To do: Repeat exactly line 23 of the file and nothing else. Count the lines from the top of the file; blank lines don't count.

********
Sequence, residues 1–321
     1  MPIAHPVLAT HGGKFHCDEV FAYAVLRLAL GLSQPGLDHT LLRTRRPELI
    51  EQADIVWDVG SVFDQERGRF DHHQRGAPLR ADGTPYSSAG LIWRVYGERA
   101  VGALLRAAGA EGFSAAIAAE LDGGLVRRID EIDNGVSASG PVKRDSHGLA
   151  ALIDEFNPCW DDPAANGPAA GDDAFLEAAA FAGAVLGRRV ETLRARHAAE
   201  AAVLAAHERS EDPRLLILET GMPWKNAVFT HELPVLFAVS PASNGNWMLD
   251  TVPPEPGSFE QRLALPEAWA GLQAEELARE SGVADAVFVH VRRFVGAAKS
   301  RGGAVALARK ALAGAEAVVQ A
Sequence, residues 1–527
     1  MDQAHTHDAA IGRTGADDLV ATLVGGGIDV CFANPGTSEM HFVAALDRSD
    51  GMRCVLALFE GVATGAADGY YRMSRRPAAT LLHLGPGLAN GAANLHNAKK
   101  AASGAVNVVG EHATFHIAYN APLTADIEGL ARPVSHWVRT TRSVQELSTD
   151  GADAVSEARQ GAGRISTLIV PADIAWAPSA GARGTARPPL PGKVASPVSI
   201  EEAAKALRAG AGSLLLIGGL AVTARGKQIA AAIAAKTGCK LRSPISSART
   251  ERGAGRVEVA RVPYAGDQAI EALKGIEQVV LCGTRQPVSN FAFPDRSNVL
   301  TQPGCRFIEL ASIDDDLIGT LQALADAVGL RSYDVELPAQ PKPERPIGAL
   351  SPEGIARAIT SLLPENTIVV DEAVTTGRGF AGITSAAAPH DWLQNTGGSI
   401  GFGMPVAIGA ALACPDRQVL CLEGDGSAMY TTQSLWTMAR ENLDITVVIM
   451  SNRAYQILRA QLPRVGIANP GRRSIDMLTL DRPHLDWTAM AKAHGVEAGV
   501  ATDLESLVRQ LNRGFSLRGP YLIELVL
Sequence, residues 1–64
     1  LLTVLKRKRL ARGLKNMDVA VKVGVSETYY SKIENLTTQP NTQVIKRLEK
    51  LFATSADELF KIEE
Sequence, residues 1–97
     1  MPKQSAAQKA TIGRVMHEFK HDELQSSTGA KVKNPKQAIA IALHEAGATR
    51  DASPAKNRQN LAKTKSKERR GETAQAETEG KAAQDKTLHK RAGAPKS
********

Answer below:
    51  LFATSADELF KIEE